In 1995 the restoration of the Star Wars Trilogy began. One of the main things that needed to be done was the restoration of the film. During the 20 years since it was last shown the optical quality of the movie had declined more than anyone thought it would. In the unrestored film Darth Vader was no longer black, but a greenish-blue. To correct this problem they had to physically wash the whole negative. This was done by a team of film restoreationists, who then realized that the opticals couldn't be washed because the dirt was built into the elements. This meant that they had to be recomposited. In the original film optical technology was used to do the composites. This method requires film technicians to physically handle the negative, leading to wear and tear, and dirt on the final product.
Now compositing is done with computers. Before the images could be recomposited
the original elements had to be located. After most movies all of these objects would be
thrown away. But George kept them so that they would have the ability to redo the
In The Empire Strikes Back The Snow Battle was a technical challenge. In the
original film the elements were optically composited. One of the problems with this is that it
leaves a black line at the edge of the object that was composited. This was easy to eliminate
in Star Wars where the back ground was the blacknes of space. But in the snow battle ,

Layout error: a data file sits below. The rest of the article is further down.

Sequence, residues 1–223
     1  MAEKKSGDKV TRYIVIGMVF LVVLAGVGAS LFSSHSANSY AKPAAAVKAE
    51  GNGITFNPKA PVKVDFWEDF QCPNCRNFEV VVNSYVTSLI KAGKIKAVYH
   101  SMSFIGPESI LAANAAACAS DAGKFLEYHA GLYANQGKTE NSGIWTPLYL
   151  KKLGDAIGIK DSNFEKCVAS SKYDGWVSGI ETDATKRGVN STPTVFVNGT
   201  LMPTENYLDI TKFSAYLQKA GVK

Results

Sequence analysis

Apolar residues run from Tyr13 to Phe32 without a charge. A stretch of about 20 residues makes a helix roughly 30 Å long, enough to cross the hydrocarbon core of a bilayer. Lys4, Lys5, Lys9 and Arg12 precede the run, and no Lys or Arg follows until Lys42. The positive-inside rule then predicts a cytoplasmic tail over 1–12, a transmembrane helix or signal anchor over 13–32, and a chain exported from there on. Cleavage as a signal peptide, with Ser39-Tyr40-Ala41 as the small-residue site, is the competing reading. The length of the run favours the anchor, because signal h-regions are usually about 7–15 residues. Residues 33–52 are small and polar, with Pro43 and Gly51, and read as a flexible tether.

against a white back ground, this was not as easy. To eliminate the black line the
technicians didn't print all the elements at their full opacity. So scenery is visible thought
parts of the cockpit that you couldn't normally see. In the Special Edition, the technicians
were able to use computers to do the compositing, and were able to eliminate the
transparency of the cockpit and other objects.
In all of the Trilogy, George Lucas wanted things to look a certain way, though this
was often impossible with models on wires. The disadvantages of models on wires is that
they can't be seen from multiple angles underneath, and moving with them is slow and
awkward. So they redid those shots with computers.
In the Return of the Jedi, Jabaa the Hut is a large mechanical slug that took six operators. There is an introduction to Java in Star Wars but not as a slug. Because of time they used a stand in character that would be replaced by a stop motion puppet. In the special Edition when they did add the slug with computers and not with a puppet it took about a year.